Summer is wonderful for a lot of reasons; stone fruit, lazy afternoons, swimming (which, because I live in SF I sorely miss out on). Summer is also tomato season.
I love seeing the stacks of heirlooms in all different shapes and sizes, from purple to green to rosy red. I even planted tomatoes this year and despite my utter neglect of them-it appears my green thumb needs some work-they are still growing.
Tomatoes scream summer to me, and yet these days you can find them year round in the grocery store. I used to buy them throughout the year and remark to Alex how they bland they were and how mealy. When I started shopping local/organic, my wintertime tomato purchases dropped.
I talked earlier this year about Barry Estabrook’s book, Tomatoland. I hadn’t yet read it, but I was pretty horrified by the excerpts.
It only gets worse. Tomato production wreaks havoc on the flavor, the environment, and, most importantly to me, is extremely dangerous for those that pick them. The book takes us through the history and science of tomato production, and is instantly readable and relatable. Barry makes even the most complicated scientific information accessible, and evocatively writes about the people affected.
The book focuses almost exclusively on Florida tomatoes, as that’s where the majority of winter tomatoes originate, and where the worst human rights abuses have been found. I’ll have to so some research for California to find out what’s going on here. I know off the top of my head that our protections for farmworkers are much more stringent than in Florida, but I’m sure there are improvements to be made.
The most toxic chemicals, banned in other countries, and almost completely banned in the US, are uses for Florida tomato production (and strawberries, so buy organic). One such chemical is methyl iodide. This pesticide is considered a Pesticide Action Network “Bad Actor” – the worst of the worst pesticides. Methyl iodide is a known carcinogen and has been linked to late term miscarriages. Need more proof? Read real stories from people affected by methyl iodide. The first woman went into complete organ failure 72 hours after her neighborhood was sprayed by a crop duster. Many more people talk about vomiting, terrible skin blisters, dizziness, miscarriages, and other awful reactions. The document is actually stories from people from California, where this pesticide has recently been approved for use on strawberries.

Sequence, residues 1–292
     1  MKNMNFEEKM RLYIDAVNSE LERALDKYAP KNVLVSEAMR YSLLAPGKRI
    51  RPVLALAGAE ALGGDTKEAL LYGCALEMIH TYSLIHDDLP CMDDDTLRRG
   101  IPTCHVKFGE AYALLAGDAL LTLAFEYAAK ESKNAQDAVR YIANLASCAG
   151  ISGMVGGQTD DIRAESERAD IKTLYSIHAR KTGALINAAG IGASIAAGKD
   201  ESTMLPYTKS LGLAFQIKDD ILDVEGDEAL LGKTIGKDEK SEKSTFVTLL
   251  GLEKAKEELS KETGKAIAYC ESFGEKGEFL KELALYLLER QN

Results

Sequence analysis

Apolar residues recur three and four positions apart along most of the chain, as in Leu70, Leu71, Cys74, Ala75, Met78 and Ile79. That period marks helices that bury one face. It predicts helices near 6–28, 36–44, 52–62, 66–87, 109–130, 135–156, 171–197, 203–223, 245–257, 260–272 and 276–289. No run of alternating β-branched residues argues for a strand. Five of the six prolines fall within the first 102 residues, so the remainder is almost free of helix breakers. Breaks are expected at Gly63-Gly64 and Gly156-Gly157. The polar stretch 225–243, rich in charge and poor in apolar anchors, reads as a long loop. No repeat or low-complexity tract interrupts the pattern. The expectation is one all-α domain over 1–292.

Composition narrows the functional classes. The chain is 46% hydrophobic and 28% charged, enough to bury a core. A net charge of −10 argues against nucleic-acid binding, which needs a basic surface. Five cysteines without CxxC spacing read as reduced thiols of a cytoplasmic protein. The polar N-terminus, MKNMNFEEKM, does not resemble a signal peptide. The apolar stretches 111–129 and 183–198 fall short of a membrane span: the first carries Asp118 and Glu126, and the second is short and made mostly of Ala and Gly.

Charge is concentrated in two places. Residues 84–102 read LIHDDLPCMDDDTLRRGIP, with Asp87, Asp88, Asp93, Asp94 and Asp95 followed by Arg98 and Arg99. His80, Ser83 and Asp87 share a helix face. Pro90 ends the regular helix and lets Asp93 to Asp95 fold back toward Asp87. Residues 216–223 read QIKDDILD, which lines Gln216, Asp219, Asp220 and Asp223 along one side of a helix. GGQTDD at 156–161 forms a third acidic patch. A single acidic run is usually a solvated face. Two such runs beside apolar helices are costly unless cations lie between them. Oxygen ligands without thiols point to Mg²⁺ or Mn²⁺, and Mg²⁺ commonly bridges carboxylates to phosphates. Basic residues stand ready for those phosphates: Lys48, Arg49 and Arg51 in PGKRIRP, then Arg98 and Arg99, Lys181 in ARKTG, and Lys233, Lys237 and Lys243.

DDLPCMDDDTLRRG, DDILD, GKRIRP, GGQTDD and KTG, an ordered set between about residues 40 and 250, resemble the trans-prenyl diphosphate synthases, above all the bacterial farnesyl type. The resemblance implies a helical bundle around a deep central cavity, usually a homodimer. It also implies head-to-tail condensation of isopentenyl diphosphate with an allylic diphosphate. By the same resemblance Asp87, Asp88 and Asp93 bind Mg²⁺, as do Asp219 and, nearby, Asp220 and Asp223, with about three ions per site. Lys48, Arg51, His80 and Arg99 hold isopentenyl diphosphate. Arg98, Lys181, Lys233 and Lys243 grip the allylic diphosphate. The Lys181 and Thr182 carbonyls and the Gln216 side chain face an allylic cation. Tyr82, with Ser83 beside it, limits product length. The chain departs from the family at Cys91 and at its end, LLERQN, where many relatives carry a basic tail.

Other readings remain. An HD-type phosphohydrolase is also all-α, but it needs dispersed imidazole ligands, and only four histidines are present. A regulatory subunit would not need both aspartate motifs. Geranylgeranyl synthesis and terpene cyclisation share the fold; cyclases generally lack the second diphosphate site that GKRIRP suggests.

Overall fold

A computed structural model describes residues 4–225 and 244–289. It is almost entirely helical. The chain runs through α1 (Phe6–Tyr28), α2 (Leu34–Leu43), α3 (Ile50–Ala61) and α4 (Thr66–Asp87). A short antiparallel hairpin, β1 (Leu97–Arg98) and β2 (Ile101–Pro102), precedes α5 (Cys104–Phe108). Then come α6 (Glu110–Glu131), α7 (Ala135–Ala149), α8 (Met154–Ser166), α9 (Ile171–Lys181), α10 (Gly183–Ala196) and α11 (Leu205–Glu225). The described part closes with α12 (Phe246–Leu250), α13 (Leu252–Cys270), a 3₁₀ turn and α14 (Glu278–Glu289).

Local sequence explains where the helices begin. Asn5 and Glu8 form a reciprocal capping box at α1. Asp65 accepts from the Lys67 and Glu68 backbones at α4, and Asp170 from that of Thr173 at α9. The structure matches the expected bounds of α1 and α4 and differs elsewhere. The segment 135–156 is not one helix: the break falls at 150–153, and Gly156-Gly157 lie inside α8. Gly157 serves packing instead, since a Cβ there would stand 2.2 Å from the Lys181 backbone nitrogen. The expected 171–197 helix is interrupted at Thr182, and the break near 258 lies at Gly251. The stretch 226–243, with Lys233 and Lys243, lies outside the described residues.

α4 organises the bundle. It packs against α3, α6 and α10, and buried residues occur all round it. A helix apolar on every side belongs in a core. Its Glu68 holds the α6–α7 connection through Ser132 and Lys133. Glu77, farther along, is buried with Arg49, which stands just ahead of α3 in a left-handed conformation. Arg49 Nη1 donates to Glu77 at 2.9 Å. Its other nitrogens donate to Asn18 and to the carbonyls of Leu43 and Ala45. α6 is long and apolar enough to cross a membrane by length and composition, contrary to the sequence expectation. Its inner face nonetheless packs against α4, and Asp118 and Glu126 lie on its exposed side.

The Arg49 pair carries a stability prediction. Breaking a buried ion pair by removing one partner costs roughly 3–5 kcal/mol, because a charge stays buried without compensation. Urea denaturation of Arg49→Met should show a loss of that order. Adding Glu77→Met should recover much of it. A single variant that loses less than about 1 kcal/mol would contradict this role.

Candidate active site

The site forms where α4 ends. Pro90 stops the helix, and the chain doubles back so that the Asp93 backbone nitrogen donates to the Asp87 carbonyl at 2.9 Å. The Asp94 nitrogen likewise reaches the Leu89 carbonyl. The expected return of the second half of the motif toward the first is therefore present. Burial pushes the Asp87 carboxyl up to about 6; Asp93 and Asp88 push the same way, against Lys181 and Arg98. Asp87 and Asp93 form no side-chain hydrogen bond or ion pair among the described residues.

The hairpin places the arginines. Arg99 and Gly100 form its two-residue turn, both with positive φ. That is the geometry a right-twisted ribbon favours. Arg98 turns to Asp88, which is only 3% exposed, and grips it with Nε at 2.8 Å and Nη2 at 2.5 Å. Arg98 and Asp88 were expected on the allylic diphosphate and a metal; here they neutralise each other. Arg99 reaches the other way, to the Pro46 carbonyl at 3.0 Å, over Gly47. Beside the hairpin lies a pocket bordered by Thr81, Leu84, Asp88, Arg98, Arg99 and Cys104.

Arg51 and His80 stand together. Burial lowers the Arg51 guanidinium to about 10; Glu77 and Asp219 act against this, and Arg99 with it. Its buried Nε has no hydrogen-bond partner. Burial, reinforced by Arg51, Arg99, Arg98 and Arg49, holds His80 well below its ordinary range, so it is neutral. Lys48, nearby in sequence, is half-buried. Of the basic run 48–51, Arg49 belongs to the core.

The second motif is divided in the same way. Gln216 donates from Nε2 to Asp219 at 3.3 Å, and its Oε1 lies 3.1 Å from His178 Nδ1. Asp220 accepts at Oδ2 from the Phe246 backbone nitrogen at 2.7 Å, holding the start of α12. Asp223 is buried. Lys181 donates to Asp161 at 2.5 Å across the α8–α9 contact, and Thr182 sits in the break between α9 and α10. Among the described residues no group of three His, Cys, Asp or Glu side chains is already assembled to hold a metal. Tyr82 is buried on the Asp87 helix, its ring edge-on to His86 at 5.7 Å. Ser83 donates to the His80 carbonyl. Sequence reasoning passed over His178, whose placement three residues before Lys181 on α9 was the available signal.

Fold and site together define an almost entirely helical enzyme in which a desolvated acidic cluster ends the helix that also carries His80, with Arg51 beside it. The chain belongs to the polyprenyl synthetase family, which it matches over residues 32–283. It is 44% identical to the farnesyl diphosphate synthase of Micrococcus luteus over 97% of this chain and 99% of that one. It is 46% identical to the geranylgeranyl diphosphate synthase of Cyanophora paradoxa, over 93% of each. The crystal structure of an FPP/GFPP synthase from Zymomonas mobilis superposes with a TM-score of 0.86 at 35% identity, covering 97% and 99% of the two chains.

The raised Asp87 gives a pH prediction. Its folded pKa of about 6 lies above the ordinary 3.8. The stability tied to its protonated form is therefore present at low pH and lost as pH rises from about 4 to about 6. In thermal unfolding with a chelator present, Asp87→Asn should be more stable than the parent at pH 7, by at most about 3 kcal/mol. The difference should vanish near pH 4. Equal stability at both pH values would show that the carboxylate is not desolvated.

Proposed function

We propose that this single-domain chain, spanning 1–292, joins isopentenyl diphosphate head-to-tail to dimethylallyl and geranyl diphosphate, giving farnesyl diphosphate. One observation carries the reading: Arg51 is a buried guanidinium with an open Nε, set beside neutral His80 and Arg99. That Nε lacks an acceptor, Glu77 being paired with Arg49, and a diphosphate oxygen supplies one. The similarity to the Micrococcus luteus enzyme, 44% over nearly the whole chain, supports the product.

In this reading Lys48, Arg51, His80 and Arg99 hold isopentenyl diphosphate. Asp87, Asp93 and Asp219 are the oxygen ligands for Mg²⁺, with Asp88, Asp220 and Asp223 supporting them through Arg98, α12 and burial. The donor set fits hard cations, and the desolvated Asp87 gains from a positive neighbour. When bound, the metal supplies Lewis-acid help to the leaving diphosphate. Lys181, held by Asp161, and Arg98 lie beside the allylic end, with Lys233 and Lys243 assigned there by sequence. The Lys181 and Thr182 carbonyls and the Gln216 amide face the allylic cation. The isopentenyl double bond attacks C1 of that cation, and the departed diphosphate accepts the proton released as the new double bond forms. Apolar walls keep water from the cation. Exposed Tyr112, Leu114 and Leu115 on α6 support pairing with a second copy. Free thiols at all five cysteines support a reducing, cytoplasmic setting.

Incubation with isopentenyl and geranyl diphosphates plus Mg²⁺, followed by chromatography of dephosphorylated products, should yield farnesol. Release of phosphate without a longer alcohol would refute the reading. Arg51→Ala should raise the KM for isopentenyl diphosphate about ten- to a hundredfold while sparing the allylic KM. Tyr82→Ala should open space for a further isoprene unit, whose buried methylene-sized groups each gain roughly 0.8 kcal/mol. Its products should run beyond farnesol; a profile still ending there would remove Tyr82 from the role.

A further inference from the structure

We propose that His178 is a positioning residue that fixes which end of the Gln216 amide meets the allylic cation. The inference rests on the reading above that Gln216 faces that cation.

And what are we getting for it? It’s not like the tomatoes are delicious. I was lucky enough to attend a dinner with Barry and someone asked how he got involved in the issue. He admitted that coming from a food writer background, it was because of flavor, or lack there of, that he started researching. Then he found out about the rest of it, and threw himself into it full force.
This just highlights that the tomato issue spans from foodies to environmentalists to social justice advocates. In order to stop the worst of it, all these groups have to work together. The problem is that many of us don’t know, and despite the fact that we know a winter tomato will taste awful, there is something nostalgic about buying a round red tomato and bringing a bit of summer into the winter months.
And consumers want just that; the growers interviewed for the book said they don’t focus at all on taste because what consumers care most about is appearance. The tomatoes can taste like crap as long as they are red. So they pick them green, blast them with ethylene gas so they turn red – although they don’t actually ripen – and ship them off to grocery stores. Each season, the growers association actually dictates the uniform size and shape that all tomatoes must have in order to ship. Tomatoes with even a hint of red are thrown out of the packing house.
Where do we go from here? The Coalition of Immokalee Workers is working hard on their Campaign for Fair Food. The Pesticide Action Network is actively working on these issues. We can all vote with our dollars and only buy local, organic tomatoes from small farmers. And if those aren’t available? Don’t buy tomatoes. Or grow your own. Mine are currently housed in old trash cans and like I said, I’m not treating them well and they’re still producing, so at least from my perspective they aren’t hard to manage.
I never thought tomatoes would mean this much to me. But I’m happy to see I’m not the only one thinking about this issue. As they say, knowledge is power. I’ll be happy to lend my copy of the book to anyone that wants to read it and get informed!